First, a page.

The High Court has approved a Deferred Prosecution Agreement (DPA) between the Serious Fraud Office (SFO) and Tesco which will see the company pay a fine of just under £130 million (plus the SFO’s costs) in exchange for not being prosecuted in connection with an alleged overstatement by Tesco of its profits in 2014.

This is the fourth DPA that the SFO has secured under the new regime.

This is also the first DPA to be secured without recourse to the controversial “failure to prevent” model of corporate liability. The previous three DPAs were all largely predicated on charges of failing to prevent bribery pursuant to section 7 of the Bribery Act 2010, an offence which many commentators argue exerts unfair pressure on corporates to concede criminal liability in order to avoid the economic costs of a full contested prosecution.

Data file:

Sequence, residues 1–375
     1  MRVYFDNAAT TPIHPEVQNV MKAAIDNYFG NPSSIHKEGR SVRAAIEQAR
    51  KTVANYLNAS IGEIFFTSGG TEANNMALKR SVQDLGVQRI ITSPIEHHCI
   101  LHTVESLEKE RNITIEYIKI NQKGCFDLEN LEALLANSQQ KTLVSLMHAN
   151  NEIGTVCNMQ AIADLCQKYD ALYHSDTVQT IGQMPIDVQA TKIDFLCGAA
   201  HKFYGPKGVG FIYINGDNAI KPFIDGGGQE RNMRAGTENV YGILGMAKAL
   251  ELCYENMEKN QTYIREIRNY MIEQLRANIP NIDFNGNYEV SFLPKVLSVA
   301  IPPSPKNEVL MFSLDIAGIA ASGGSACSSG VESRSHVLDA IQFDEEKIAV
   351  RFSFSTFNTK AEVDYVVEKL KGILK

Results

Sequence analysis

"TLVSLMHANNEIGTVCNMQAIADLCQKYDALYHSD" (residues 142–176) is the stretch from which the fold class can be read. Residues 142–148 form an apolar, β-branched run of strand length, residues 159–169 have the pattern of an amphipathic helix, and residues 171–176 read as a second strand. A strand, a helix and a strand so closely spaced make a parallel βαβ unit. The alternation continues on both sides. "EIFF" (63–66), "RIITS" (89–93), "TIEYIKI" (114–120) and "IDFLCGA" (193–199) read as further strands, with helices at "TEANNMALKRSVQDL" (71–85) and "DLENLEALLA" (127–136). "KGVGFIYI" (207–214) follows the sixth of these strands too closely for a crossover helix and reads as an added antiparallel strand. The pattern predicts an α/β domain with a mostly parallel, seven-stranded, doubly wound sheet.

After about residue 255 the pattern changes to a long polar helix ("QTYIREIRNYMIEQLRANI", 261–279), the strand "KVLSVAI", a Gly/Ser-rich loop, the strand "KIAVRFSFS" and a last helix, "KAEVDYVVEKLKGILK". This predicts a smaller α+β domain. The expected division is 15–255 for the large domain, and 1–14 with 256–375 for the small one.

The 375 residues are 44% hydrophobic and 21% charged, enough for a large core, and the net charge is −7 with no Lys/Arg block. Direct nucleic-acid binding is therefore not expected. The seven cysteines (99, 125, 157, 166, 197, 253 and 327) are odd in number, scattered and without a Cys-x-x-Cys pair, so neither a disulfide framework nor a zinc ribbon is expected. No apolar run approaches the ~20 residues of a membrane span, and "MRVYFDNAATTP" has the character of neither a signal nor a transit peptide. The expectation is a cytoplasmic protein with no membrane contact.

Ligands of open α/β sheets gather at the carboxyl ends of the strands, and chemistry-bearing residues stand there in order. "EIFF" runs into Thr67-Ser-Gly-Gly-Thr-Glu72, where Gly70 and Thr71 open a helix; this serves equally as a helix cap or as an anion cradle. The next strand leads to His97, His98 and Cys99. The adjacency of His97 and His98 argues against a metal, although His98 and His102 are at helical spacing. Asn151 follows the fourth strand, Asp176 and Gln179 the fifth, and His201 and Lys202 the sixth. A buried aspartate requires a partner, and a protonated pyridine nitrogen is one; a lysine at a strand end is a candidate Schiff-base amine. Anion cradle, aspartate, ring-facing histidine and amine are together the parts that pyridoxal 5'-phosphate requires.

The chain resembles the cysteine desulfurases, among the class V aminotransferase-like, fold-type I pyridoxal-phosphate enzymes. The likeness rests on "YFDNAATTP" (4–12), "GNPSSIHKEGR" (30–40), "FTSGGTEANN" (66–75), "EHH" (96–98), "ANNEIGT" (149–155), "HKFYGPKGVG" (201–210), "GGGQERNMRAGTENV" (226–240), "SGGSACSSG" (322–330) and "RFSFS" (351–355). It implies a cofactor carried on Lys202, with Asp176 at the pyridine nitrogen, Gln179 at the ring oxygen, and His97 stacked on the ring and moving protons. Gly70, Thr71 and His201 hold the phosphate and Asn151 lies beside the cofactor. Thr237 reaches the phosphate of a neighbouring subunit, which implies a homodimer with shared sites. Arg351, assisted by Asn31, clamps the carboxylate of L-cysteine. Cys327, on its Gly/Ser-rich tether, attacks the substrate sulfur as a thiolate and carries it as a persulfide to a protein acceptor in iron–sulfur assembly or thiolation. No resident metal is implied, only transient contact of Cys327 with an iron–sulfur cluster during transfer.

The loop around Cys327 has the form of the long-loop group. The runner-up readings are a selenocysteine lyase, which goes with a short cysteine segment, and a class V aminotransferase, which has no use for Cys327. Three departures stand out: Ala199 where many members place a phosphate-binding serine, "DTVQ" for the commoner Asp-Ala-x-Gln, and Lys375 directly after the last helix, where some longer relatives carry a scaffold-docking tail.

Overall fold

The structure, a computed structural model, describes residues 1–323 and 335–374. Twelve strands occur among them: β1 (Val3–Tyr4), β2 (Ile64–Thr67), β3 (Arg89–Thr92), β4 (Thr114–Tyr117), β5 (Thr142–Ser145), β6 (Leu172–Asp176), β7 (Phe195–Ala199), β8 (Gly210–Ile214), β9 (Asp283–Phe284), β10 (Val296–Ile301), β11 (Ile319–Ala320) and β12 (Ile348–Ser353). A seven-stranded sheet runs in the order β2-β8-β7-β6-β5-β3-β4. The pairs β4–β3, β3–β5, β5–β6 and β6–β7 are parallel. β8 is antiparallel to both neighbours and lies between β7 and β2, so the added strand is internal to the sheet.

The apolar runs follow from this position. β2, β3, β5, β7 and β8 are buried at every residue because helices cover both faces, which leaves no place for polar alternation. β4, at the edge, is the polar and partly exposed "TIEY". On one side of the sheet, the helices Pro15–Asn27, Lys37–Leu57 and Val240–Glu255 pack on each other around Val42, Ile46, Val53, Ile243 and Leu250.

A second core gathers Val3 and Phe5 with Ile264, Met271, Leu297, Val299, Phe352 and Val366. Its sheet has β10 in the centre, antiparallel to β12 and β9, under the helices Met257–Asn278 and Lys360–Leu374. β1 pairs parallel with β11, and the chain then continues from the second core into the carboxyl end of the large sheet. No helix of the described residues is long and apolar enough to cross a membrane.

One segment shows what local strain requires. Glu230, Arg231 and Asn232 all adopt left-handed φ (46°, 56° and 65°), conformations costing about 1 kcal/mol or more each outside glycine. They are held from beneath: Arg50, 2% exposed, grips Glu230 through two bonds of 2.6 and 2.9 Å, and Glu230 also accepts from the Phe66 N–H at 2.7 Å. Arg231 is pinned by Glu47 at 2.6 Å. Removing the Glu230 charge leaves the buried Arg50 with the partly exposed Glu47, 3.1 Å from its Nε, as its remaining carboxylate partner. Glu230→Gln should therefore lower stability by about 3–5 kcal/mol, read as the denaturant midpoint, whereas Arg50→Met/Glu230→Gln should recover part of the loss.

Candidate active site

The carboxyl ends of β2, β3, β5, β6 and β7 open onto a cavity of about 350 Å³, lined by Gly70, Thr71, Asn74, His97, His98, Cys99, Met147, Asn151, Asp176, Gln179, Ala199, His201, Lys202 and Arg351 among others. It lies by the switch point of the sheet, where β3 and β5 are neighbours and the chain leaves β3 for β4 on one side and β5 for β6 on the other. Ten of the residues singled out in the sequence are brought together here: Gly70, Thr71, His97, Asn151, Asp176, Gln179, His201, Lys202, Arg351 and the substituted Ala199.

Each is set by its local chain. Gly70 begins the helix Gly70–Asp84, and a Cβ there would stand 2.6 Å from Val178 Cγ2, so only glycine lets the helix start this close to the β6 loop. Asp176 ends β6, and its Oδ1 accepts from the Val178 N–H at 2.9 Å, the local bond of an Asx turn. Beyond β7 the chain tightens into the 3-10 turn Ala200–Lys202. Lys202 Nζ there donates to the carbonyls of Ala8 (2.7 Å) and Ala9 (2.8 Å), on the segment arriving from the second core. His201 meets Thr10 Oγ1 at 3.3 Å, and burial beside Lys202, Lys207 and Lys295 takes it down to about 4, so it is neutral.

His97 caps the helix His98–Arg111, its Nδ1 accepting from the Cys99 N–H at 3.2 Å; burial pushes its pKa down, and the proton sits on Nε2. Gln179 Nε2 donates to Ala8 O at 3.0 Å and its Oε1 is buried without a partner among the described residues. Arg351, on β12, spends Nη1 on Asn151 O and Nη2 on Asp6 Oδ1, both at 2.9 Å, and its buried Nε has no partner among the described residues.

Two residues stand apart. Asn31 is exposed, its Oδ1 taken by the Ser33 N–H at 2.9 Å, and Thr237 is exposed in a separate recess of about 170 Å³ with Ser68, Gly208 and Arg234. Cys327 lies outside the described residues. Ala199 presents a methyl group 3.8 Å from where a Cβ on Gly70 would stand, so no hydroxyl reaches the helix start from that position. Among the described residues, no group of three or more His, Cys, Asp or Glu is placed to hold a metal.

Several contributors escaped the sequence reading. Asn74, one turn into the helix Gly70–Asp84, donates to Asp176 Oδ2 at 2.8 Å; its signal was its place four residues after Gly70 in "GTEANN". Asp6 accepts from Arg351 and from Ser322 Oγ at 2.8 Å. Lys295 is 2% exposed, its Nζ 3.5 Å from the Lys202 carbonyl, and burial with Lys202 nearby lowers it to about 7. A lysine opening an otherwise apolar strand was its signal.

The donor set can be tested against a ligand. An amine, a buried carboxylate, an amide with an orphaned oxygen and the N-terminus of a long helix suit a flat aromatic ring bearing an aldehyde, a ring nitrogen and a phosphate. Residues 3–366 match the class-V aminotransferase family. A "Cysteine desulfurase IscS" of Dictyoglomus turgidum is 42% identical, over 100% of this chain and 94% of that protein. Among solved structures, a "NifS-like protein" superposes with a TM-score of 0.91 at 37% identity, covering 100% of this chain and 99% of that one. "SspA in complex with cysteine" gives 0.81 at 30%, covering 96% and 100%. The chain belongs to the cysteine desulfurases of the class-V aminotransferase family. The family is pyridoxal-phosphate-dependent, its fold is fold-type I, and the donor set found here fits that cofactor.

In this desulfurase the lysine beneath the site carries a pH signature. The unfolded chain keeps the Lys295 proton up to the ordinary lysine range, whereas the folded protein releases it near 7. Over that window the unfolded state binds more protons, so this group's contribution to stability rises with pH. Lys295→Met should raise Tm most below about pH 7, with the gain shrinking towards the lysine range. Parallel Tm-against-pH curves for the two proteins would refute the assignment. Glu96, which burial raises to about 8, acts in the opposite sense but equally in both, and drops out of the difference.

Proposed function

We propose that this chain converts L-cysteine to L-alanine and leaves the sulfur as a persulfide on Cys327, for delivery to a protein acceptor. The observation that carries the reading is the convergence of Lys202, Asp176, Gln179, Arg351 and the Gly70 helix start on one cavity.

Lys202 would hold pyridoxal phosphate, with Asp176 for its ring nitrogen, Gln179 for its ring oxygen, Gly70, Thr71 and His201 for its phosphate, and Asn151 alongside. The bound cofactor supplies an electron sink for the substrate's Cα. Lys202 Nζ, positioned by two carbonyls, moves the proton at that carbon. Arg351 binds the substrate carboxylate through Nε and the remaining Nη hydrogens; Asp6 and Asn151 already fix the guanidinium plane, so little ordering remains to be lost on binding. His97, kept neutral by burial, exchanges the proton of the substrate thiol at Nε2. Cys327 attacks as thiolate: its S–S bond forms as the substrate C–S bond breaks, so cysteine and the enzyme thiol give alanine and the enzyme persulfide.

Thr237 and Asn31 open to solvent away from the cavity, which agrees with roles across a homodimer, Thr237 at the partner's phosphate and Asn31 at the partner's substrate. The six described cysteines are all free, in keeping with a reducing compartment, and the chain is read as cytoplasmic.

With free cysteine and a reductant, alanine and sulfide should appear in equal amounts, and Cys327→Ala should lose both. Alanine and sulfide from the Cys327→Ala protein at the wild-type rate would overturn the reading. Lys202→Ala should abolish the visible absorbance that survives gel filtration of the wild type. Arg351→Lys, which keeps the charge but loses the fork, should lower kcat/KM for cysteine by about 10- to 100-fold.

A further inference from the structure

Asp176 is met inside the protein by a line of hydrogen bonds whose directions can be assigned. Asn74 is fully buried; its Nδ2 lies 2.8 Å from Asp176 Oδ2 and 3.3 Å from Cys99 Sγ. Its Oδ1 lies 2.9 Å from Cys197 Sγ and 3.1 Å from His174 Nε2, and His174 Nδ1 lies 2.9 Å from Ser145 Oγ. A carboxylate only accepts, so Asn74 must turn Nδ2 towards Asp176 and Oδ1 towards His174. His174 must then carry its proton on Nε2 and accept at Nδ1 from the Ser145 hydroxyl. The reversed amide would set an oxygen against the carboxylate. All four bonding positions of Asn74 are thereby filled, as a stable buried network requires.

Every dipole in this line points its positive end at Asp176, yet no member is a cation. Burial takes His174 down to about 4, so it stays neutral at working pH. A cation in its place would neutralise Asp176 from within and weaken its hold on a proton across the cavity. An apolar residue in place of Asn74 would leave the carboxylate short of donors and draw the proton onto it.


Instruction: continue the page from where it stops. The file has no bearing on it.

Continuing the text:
It is also interesting to note that the DPA has been agreed in conjunction with a regulatory penalty to be issued by the Financial Conduct Authority (FCA). The FCA has reported that Tesco will pay compensation in the region of £85 million as a sanction for committing “market abuse”. The money will be paid to purchasers who acquired Tesco shares and bonds after the 29 August 2014 and who still held some or all of them on the last day of trading before the corrective statement was issued on 22 September 2014. This will be a first for investors of a publicly listed company which is accused of a criminal offence.

This is the also first time that we have seen the FCA and the SFO working in tandem to bring a company to account for alleged wrongdoing.

Reporting restrictions prevent the judgment, the DPA or the statement of facts being published. Three individuals have been charged in connection with the overstatement. That case is listed for case management on 30 May 2017.